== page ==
Fried Apple Cider Glazed Donut Holes will tickle your taste buds with the flavors of autumn. A touch of sweetness, as well as the hot spices of apple cider, create these donut holes that the ideal morning treat to consume with a cup of steaming coffee.
Apple Cider Glazed Donut Holes are my cheat for getting some of those orchard vibes in my own home.
These donut holes are a hybrid between a Timeless cider donut and also my Favored sour cream classic donuts. The result is a crispy donut with a fluffy interior, fragrant with apple and cinnamon.
The Same as an old-fashioned donut, the exterior of these are cracked And struggled, making them ideal for catching the sweet, cider-spiked glaze.
WHAT’S THE BEST CIDER FOR APPLE CIDER DONUT HOLES?
I like to use fresh, unfiltered apple cider with this Recipe — rather the kind from an orchard, however, any cloudy cider or juice works. It’s the most apple flavor–that the donuts themselves use cider, in addition to the glaze, so the apple taste really comes through.
HOW TO FRY THESE PERFECT DONUT HOLES?
All these donut holes are deep-fried to ensure perfectly browned outsides and a gentle, fluffy interior.
To Make Sure That the interior of the donut holes has been cooked through, I Like to check the temperature of the oil with a thermometer. Use a thermometer that can either clip into the side of the pan or one that is going to immediately read the temperature.
It is important to maintain the oil skillet at 350˚F. Each time you add a batch of donut holes into the petroleum, it is going to drop the temperature. You are going to want to wait until the oil temp increases to 350°F again before adding your next batch.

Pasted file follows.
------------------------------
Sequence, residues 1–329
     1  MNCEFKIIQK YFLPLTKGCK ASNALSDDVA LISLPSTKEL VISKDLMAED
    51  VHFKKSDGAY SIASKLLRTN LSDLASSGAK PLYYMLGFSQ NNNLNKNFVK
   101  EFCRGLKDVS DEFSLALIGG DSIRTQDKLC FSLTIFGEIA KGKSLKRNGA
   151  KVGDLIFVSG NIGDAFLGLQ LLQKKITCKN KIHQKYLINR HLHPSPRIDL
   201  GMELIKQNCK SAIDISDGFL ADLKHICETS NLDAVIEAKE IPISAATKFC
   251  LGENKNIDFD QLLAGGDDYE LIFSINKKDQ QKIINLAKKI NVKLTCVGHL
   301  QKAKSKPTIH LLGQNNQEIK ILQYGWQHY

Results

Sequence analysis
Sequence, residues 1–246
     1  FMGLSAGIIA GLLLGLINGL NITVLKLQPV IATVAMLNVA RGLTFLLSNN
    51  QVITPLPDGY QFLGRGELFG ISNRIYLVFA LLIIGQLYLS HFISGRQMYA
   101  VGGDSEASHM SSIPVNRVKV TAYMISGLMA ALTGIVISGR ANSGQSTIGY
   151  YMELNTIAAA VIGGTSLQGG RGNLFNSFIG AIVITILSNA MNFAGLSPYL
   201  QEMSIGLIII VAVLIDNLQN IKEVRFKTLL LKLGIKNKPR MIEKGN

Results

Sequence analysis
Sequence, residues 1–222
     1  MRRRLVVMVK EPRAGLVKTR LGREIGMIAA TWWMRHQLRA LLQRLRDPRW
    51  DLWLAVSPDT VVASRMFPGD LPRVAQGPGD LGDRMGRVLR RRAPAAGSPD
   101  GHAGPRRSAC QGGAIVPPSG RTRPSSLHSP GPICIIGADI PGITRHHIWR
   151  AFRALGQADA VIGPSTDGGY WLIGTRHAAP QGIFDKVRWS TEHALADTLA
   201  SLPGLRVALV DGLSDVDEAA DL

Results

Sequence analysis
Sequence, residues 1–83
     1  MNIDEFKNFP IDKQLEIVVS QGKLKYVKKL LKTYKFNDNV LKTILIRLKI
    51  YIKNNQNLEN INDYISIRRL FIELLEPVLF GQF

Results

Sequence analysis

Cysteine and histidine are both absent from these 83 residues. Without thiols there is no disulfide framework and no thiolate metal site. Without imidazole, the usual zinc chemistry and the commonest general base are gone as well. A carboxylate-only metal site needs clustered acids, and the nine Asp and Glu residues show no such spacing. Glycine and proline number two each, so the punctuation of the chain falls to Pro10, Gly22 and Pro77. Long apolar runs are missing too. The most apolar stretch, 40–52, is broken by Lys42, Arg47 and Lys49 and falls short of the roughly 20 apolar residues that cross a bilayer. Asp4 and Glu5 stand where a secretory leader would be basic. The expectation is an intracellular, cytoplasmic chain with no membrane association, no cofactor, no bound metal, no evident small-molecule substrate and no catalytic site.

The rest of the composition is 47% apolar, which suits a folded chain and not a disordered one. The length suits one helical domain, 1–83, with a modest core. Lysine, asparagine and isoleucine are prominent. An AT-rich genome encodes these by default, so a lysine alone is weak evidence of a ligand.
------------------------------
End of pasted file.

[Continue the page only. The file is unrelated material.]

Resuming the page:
If you don’t have a thermometer, softly drop a small amount of batter If it sizzles aggressively, the oil is hot.
I believe most fried things are best eaten still warm from the fryer,
That said, these maintain surprisingly well, covered at room temperature, For a day or 2. The glaze prevents them from drying out too fast, but after a couple of days, they really do become sort of dense and dry.
I really don’t recommend freezing these at any point, since the end results aren’t really worth the effort.
- For your donut holes:
- 2 cups (255g) all-purpose flour
- 1 1/2 teaspoons baking powder
- 3/4 tsp kosher salt
- 1/2 cup (100g) sugar
- 1 large egg
- 3/4 cup (6oz/170g) sour cream
- 1/2 cup apple cider
- 2 tbsp unsalted butter, melted
- 1 1/2 quarts canola oil for frying
- For the apple cider glaze:
- 2 cups powdered sugar
- 4 tbsp apple cider
- Pinch of kosher salt
How To Make Fried Apple Cider Glazed Donut Holes?
- Prepare your drying station: Set a wire cooling rack on a baking sheet. You will allow the donut holes dry here after you’ve dipped them in the glaze.
- In a medium bowl, whisk together the egg, sour cream, and apple cider.
- Add the wet mixture to the dry mix, followed by the melted butter, and fold to combine until you receive a very thick batter.
- Get ready to fry the donut holes: Heat the oil in a 3-quart saucepan until the temperature reads 350°F. Use a moderate cookie scoop (about 1 1/2 tablespoons), to scoop up the batter. Fry the donut holes in batches, cooking each side for about 2 minutes, until the donut holes float to the surface and then turn golden brown. Repeat until all of the batter is used up.
- You might not require all four tbsp of cider. Bear in mind that the glaze will thin because it hits the hot warm donuts.
- Dip the donut holes and twist the glaze into a deep bowl or mug, this will help with glazing the donuts. Dip the hot (or even hot) donuts to the glaze, with a spoon to coat the donut hole completely.
- Lift the donut hole in the glaze using a fork. Allow the glaze set And drain by putting the dipped donut holes onto the wire rack set over a baking sheet.